Do labs have rear dew claws? Yes, but some choose to remove them.
Dew claws on Labradors are a subject of ongoing debate among dog owners and breeders alike.
While some argue that these small, thumb-like appendages serve purposes such as enhancing the grip and providing additional support during movement, others believe they pose risks for injury and infection.
What Are Labradors Dew Claws?
Dew claws are tiny, thumb-like toes on the front legs of most dog breeds, including Labradors, and some have them on their rear legs too.
Front and rear dewclaws do have a purpose. They provide extra support during movement and help with climbing out of water or maintaining a good grip when running.
Some Labrador owners may choose to remove them due to possible risks of injury or infection, aesthetic preference, or reduced risk of tearing or snagging.
The presence of dew claws does not affect the way a dog runs.
Why Consider Removing Them?
Possible Risks Of Injury And Infection
Dew claws on Labs, found on the inner side of their legs just above the paws, are essentially vestigial nails that do not touch the ground. While some owners might view these extra nails as harmless and a natural part of their dog’s anatomy, there are potential risks associated with keeping them intact.
One significant risk is injury, where dew claws catch or snag onto something during play or exercise.
Aside from the immediate pain your Lab might experience due to an injury, infections can also develop if proper care isn’t taken after an incident occurs.
For example, if a torn dew claw goes unnoticed and untreated for too long or becomes embedded in your dog’s flesh, it may cause inflammation and bacterial infection at the site.
Moreover, hind dew claws that don’t receive regular nail trims could grow into your Lab’s skin creating ingrown nails – another source of pain and potential infection.
Aesthetic preference is another factor that may contribute to removing dew claws on Labs. Some Labrador owners and breeders believe that a Lab without rear dew claws presents a more streamlined and polished appearance, which can be desirable in show dogs or for pet owners who prefer this look.
However, it’s important to note that aesthetic preference should not be the primary reason for removing your dog’s dew claws. This decision must consider factors such as possible injury risks or infections rather than just visual appeal.
Reduced Risk Of Tearing Or Snagging
One of the primary reasons dog owners and breeders choose to remove dew claws on Labs is to reduce the risk of tearing or snagging. Dew claws are sometimes seen as vestigial structures, which means they have lost their original function and can potentially present more harm than benefit.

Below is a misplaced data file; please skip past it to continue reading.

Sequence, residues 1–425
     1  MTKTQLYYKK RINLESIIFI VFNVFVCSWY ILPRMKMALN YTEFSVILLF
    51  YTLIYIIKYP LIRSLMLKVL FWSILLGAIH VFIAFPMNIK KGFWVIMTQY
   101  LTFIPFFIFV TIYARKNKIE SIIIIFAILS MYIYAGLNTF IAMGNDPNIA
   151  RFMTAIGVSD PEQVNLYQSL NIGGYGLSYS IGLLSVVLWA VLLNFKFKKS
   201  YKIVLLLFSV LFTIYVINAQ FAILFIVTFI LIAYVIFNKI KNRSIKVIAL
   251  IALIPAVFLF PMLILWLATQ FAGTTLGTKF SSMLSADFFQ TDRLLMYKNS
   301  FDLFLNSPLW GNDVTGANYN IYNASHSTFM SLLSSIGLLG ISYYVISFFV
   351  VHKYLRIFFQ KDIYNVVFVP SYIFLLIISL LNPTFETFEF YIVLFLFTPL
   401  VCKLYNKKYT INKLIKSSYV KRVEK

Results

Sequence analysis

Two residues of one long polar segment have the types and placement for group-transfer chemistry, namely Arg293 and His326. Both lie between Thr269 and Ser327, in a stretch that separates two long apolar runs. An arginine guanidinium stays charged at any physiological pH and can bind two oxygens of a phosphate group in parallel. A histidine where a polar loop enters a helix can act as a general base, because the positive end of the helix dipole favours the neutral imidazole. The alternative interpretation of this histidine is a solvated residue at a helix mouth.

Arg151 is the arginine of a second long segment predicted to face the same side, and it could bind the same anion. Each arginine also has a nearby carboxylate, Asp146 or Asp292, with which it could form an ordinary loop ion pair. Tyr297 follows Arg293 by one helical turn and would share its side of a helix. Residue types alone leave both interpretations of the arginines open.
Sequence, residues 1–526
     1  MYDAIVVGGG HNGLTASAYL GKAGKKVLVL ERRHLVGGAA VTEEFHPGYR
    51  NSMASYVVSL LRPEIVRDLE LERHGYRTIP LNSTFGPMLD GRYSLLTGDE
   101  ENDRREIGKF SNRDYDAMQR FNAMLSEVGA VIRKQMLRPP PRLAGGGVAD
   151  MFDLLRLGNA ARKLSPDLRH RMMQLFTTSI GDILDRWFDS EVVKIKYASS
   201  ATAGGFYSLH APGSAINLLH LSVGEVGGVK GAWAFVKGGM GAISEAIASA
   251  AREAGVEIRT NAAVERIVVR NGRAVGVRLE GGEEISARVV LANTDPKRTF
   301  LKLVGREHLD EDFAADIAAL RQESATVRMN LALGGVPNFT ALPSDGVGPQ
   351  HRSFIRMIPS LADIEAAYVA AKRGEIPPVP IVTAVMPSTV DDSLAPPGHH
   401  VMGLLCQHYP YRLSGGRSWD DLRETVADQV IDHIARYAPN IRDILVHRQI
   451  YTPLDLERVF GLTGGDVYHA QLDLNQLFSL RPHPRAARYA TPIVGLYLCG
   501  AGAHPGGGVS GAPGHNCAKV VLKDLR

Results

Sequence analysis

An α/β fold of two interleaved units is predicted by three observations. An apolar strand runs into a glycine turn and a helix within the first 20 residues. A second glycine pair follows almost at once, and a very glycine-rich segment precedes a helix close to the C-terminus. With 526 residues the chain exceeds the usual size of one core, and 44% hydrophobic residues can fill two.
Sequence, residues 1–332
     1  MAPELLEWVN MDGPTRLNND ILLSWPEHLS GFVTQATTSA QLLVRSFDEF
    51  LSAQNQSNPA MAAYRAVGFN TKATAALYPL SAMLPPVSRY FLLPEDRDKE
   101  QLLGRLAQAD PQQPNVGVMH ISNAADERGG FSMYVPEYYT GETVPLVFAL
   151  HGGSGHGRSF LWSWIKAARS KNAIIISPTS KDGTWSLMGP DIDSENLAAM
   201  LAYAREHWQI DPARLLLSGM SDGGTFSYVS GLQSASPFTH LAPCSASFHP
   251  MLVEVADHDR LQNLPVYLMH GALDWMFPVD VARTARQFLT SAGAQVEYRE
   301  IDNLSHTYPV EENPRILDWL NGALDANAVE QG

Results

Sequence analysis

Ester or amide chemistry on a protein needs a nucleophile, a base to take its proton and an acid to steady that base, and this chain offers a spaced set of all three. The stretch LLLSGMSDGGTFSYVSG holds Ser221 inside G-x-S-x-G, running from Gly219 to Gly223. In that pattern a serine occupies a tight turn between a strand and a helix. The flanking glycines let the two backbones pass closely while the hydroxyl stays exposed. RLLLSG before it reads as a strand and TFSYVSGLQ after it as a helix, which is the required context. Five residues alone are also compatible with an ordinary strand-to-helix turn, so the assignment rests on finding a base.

For example, a Labrador Retriever that runs through thick brush or rough terrain may be at an increased risk for dew claw injuries.
By removing dew claws early in a Lab puppy’s life, pet owners can minimize these risks and ensure a safer experience for their active companions when outdoors. Breeders like Renee Adsitt-Pettey of Peak even opt to remove dew claws from puppies within days after birth during routine procedures such as tail docking.
Most vets don’t recommend dewclaw removal unless there is a medical reason.
The Dew Claw Removal Process For Labs
Dew claw removal is a surgical procedure that can be completed on labs as young as five days old. After receiving general anesthesia, the dew claws are removed using sterilized instruments and suturing materials.
The healing process usually takes one to two weeks, during which post-surgery care should be provided.
It’s important to note that removing dew claws comes with some risks. Some dogs may experience carpal arthritis or injuries to other joints when they lose their dew claws, as these structures provide stability to their legs.
Ultimately, deciding whether or not to remove your Lab’s Dew claws should come down to personal preference and potential benefits versus risks.
Your author has had Labradors for decades, and he’s never had a problem with dewclaws. Just hit it with the nail clipper when you do your dog’s nails, and he or she will be fine.